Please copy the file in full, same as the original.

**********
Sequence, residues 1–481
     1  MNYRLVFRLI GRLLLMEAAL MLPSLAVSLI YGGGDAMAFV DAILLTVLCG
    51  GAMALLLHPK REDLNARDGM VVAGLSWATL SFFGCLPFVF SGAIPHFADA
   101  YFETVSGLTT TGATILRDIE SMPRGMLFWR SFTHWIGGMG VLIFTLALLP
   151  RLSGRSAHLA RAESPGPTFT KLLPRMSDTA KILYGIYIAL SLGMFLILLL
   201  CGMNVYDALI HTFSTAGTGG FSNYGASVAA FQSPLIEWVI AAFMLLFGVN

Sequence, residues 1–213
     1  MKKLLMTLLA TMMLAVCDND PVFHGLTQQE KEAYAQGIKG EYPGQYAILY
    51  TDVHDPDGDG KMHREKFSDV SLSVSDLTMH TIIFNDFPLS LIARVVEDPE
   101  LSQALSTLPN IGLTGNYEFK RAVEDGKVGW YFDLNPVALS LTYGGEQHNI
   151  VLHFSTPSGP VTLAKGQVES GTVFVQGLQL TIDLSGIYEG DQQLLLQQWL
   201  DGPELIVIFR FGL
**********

Sequence, residues 1–481
     1  MNYRLVFRLI GRLLLMEAAL MLPSLAVSLI YGGGDAMAFV DAILLTVLCG
    51  GAMALLLHPK REDLNARDGM VVAGLSWATL SFFGCLPFVF SGAIPHFADA
   101  YFETVSGLTT TGATILRDIE SMPRGMLFWR SFTHWIGGMG VLIFTLALLP
   151  RLSGRSAHLA RAESPGPTFT KLLPRMSDTA KILYGIYIAL SLGMFLILLL
   201  CGMNVYDALI HTFSTAGTGG FSNYGASVAA FQSPLIEWVI AAFMLLFGVN

Sequence, residues 1–213
     1  MKKLLMTLLA TMMLAVCDND PVFHGLTQQE KEAYAQGIKG EYPGQYAILY
    51  TDVHDPDGDG KMHREKFSDV SLSVSDLTMH TIIFNDFPLS LIARVVEDPE
   101  LSQALSTLPN IGLTGNYEFK RAVEDGKVGW YFDLNPVALS LTYGGEQHNI
   151  VLHFSTPSGP VTLAKGQVES GTVFVQGLQL TIDLSGIYEG DQQLLLQQWL
   201  DGPELIVIFR FGL